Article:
Industrial degreasing techniques: etching

Reducing energy costs and improving the ecological purity of the materials remain the most problematic issues of degreasing surfaces. As practice shows, the existing degreasing water compositions at low temperatures (25-30 ° C) do not not provide the high quality of the surface cleaning. Decent results are likely to be achieved only with the use of organic solvents and emulsion formulations, but it negatively affects the environment. The contradiction is removed to a certain extent in the application of thermal degreasing methods, but it is not always a panacea for certain financial reasons. Such options as the use of compositions which do not require subsequent washing (for example, BOC-5) or allow discharging wash water without pre-cleaning can be considered, but hardly possible to resort to.

Etching technology

Scale, rust and other oxides are often removed from the metal surface by etching in solutions of acids, acid salts or alkalis. Cleaning the surface with etching method is reduced to the dissolution of the surface layer of oxides and metal recovery of oxide compounds and the separation of hydrogen generated. Etching products are subjected to pre-purified from mechanical impurities and fat.

Etching in ferrous metals

As etchants for ferrous metals the most commonly used materials are sulfuric, hydrochloric and phosphoric acid with various additives. In acid etching the kinetic curve to reduce the mass of the sample can be divided into three periods: dissolving oxides, the appearance of the anode surface areas, accompanied by the simultaneous dissolution of oxide and metal and dissolution of metal.

Sulfuric acid reacts more actively to iron than with its anhydrous oxides (by etching dissolves no more than 20% of the scale). Getting into the pores and cracks of scale, the acid dissolves the surface layer of the metal and thereby violates its relationship with the scale. Therefore, in the etching sulfuric acid is associated with the formation of a significant amount of sludge hydrogenation steel. The metal surface as a result of etching can have a highly uneven relief. The most frequently used acid concentrations vary from 150 to 200 g/l, the etching process is carried out at 50-80°C.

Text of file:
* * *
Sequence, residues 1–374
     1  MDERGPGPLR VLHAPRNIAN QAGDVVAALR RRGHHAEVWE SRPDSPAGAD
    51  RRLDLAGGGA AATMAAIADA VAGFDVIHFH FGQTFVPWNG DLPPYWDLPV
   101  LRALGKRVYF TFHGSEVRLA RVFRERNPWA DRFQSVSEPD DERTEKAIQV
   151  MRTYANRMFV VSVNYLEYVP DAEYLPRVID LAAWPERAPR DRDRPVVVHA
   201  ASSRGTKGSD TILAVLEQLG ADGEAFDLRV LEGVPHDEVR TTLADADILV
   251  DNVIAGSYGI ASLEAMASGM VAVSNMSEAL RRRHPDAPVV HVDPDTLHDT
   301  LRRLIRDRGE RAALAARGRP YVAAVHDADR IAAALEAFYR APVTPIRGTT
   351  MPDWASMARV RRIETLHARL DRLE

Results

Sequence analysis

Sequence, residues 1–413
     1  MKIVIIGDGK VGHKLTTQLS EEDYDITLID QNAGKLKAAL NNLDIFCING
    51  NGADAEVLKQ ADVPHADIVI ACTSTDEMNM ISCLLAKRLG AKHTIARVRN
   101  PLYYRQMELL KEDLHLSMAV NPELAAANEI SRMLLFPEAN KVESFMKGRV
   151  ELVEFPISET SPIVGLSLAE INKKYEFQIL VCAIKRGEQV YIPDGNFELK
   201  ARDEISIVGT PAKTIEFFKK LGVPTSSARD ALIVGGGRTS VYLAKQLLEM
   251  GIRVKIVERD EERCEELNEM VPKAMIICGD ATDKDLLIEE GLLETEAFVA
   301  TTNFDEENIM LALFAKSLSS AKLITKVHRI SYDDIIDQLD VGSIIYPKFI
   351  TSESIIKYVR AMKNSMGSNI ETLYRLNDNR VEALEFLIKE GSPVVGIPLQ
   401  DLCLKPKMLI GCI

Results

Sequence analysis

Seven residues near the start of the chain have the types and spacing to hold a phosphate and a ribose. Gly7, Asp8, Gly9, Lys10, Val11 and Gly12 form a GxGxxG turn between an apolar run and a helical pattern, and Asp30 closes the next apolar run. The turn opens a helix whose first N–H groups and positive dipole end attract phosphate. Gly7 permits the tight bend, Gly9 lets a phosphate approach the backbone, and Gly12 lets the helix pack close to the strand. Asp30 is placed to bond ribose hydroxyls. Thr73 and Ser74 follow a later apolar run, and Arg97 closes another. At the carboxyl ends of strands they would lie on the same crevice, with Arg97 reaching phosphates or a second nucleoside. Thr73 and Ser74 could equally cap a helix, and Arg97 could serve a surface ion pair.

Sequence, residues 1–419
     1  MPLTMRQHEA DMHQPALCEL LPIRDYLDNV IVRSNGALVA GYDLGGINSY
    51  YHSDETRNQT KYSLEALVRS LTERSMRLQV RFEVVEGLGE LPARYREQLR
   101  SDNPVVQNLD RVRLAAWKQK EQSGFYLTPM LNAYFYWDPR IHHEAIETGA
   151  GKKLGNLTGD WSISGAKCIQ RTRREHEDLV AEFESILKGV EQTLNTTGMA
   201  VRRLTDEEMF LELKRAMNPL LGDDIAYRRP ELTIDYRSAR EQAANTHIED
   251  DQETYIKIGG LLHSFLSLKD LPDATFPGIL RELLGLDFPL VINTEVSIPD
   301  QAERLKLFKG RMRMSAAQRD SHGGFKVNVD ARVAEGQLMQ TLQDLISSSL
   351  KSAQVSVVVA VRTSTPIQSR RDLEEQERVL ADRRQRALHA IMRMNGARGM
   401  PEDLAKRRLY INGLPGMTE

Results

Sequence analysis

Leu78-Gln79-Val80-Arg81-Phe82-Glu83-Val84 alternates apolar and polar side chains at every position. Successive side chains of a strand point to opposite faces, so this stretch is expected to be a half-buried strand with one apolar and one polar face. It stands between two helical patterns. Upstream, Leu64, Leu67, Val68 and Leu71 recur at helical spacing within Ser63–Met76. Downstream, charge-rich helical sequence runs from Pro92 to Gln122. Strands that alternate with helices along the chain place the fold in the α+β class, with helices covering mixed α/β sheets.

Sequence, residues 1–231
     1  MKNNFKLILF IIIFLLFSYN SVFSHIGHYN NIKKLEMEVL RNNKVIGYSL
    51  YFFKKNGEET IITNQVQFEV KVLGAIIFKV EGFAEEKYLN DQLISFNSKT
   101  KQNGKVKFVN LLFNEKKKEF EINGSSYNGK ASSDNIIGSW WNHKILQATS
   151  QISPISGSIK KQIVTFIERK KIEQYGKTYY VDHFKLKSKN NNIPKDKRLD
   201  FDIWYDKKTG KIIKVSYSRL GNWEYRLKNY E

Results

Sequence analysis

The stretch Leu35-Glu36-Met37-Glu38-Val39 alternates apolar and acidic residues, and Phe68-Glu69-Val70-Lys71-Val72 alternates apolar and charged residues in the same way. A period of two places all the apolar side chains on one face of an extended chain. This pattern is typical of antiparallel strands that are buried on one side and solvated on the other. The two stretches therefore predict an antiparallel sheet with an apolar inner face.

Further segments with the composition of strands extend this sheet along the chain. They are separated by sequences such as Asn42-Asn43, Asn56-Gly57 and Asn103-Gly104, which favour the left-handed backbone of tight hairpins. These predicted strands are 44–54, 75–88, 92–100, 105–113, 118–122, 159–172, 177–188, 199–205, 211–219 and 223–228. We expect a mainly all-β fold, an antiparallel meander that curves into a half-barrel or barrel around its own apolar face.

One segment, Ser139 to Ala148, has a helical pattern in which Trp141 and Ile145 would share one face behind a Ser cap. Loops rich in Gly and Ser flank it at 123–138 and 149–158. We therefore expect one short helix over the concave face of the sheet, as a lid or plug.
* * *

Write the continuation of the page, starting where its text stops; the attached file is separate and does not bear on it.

The hydrochloric acid descaling occurs primarily as a result of dissolution (weight reduction of scale is 50% or more). Consequently, the metal surface after etching in hydrochloric acid is smoother than in sulfuric one: the degree of sludge formation is also reduced. Etching in hydrochloric acid is conducted at temperatures of 20-60°C, optimum acid concentration of 100-150 g/l. The use of hydrochloric acid, however, is less convenient and economical than sulfuric acid. Therefore, etching oftentimes implies using sulfuric acid and mixtures of sulfuric acid with hydrochloric acid or sodium chloride. The presence of the latter reduces the corrosion rate of iron without affecting the dissolution rate of an oxide. An even more effective in this respect is the introduction of the composition of the etching solution of corrosion inhibitors (additives) represented by methenamine, and others.

A way more cost-effective technology, demanding considerable engineering and financial efforts, but paying off in the long run, can be ultrasonic cleaning. Pioneered by the industry innovators like Hilsonic, a far-famed ultrasonic cleaner equipment manufacturer, has recently presented a cost-effectiveness report on projects implemented in 2015, boasting impressive financial feasibility ratings.

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